Michael Mussa, a former chief economist at the International Monetary Fund and seen in our illustration, and Nicholas Lardy, a leading US specialist on China’s economy, who are fellows at the Peterson Institute for International Economics, say a full-blown economic growth already under way.
Mussa was fairly effusive (he spoke of 4% GDP growth in the US the last half of this year, plus 4.2% growth next year). Better yet was John Lardy, who stated flatly, “China is leading the global economic recovery.”
Lardy, seen to the right, forecasts Chinese economic growth of 8-9% this year, and 9-10% next year and beyond. More importantly Nicholas Lardy sees China’s recovery as deep and sustainable.
He said that the growth is, of course, in part a result of the government’s infrastructure spending, but also because of a huge rise in social spending — mostly on health and social security.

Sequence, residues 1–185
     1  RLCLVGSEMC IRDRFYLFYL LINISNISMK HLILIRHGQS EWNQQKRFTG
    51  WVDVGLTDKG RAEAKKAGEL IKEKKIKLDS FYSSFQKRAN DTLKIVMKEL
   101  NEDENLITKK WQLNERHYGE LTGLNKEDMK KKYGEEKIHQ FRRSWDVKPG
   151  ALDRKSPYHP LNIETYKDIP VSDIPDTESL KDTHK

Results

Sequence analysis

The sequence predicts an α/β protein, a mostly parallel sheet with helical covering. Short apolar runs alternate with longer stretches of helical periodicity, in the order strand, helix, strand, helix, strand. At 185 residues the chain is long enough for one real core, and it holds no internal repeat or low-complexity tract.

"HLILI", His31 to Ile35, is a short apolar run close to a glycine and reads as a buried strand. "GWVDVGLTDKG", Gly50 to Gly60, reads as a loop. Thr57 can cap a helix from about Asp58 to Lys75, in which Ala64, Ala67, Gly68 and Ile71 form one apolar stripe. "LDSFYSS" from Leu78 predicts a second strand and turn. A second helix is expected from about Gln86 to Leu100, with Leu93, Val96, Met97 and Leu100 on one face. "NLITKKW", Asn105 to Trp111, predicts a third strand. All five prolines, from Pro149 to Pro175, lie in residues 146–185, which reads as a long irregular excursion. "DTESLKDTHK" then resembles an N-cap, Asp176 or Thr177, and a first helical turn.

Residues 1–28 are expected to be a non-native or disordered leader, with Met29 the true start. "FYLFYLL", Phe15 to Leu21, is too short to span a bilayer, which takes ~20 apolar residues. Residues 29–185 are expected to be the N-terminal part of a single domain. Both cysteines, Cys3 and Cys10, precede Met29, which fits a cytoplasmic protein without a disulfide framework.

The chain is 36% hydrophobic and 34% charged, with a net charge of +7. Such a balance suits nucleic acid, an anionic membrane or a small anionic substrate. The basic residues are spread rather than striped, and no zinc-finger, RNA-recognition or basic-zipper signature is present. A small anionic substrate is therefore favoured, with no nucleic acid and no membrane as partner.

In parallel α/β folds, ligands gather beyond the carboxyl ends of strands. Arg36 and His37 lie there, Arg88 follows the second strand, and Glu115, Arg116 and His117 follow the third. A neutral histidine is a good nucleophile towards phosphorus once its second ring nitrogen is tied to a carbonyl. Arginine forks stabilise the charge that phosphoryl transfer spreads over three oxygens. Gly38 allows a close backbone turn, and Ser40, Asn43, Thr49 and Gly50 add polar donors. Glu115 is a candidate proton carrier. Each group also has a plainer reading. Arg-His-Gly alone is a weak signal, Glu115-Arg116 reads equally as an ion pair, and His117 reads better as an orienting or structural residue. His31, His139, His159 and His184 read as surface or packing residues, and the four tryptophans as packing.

Last year, many economists claimed that China’s economic growth was built to a large degree on the back of unsustainable real estate spending. But Lardy shows a plumett in such investments since July 2008; there has been a turn back up in real estate investment this year, but not near its previous heights. In addition, he says, infrastructure lending is up, and real estate lending down.
Businessweek reports Nicholas Lardy as saying all of this is despite a fall in exports that subtracted 3 full percentage points from China’s GDP growth in the first quarter of this year.